When Unpaid Wages Amounts to Slavery

GOL Offshore

Published Jul 29, 2016 8:30 PM by Simon Hems and Anna Joscelyne

Slavery is a matter for history, not for the oil and gas industry. Or is it?

Only last month, an offshore supply vessel, the MV Malaviya Seven, and her sister ship, the Malaviya Twenty, both owned by GOL Offshore, were detained in Scotland and Great Yarmouth respectively after it was alleged that Indian crew members on board the Malaviya Seven had not received any wages for at least two months. 

It is understood that the vessel was providing offshore services to a number of companies operating in the North Sea. The vessels are now likely to be detained for weeks, if not months, whilst the situation is resolved. At best, the vessels’ clients are deprived of the services the vessels were contracted for; at worst, those companies may also find themselves in a slavery investigation.

In addition, on 10 June 2016, the High Court handed down its first ever judgment under the Modern Slavery Act 2015. In its judgment, the High Court found a gangmaster company liable to compensate victims of modern slavery, although the level of compensation has yet to be determined. The workers in question were from Lithuania and had been trafficked to the U.K. and were working in supply chains producing premium free range eggs for McDonalds and leading British supermarket chains.

These cases highlight the need for all companies to take adequate steps to ensure that they are not unwittingly participating in modern slavery.

Why is this important?

The Modern Slavery Act 2015 (MSA) was introduced to the House of Commons as a bill in October 2013, received Royal Assent on 26 March 2015 and came into force on 31 July 2015.

The purpose of the Act is to consolidate existing slavery and human trafficking offences whilst increasing the maximum penalties for such offences. It also establishes an independent Anti-Slavery Commissioner, introduces new restrictions on those convicted, or not yet convicted, of offences under the Act and introduces new compensatory measures and protections for victims of trafficking.

Under the Act, a person commits an offence if it holds another person in slavery or servitude, or requires or forces another person to perform compulsory labor. There is also a further offence where a person “arranges or facilitates the travel of another person” with a view to that person being exploited.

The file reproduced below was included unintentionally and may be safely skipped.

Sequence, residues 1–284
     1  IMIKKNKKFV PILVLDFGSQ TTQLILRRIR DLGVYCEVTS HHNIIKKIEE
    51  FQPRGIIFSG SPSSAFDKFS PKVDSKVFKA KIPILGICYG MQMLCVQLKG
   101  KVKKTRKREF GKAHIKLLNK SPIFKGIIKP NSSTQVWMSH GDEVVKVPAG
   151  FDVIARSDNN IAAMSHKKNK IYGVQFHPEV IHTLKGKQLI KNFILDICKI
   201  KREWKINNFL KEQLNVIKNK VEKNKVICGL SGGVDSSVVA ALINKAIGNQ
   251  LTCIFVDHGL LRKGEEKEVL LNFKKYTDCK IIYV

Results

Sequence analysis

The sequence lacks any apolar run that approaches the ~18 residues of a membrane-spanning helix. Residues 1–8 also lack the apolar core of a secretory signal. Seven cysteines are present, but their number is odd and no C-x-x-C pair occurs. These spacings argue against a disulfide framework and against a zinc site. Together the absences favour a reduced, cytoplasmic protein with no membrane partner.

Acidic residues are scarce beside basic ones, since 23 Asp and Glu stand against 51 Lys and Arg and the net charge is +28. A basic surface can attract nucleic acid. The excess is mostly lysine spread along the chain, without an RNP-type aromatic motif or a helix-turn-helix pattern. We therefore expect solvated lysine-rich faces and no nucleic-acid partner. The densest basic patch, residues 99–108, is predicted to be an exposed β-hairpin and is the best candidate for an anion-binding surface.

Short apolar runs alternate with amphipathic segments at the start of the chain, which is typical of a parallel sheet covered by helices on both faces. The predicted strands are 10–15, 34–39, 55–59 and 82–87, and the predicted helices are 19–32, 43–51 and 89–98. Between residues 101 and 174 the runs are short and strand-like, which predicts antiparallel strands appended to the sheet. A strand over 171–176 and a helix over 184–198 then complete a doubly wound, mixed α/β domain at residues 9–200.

These offences are applicable to any U.K. national regardless of where in the world the offence takes place, or to any non-U.K. national if any part of the arrangements or facilitation takes place in the U.K., or if the travel consists of arriving into, departing, or travelling within the U.K.

Both civil and criminal penalties can attach to any offence under the Act and, in some circumstances, the Act provides for the forfeiture of vessels that have been used (or were intended to be used) for trafficking.

Obligations on companies

Under Part 6 of the Act, commercial organizations caught by the Act must prepare a slavery and human trafficking statement for each financial year. This is a statement of the steps the organization has taken during the financial year to ensure that slavery and human trafficking is not taking place in any of its supply chains and in any part of its own business. Alternatively, a statement can be filed stating that no steps have been taken.

Companies that will need to fulfil this obligation are any that carry on a business or part of a business in any part of the U.K., supply goods and services and have a total turnover of not less than an amount prescribed by the Secretary of State. Following a consultation process, the relevant turnover figure is currently £36 million, and this includes turnover from a company’s subsidiaries.


As set out above, it is early days for the Act and many issues of interpretation of the Act remain outstanding before the full extent of its reach and impact is known. However, contractors and shipowners need to be aware that there are potentially far reaching consequences of failure to adequately assess the risk of slavery occurring in their supply chains, or indeed their business, including possible detention or forfeiture of their vessels or vessels that are involved in providing offshore services to them.

Source: Ince & Co

The opinions expressed herein are the author's and not necessarily those of The Maritime Executive.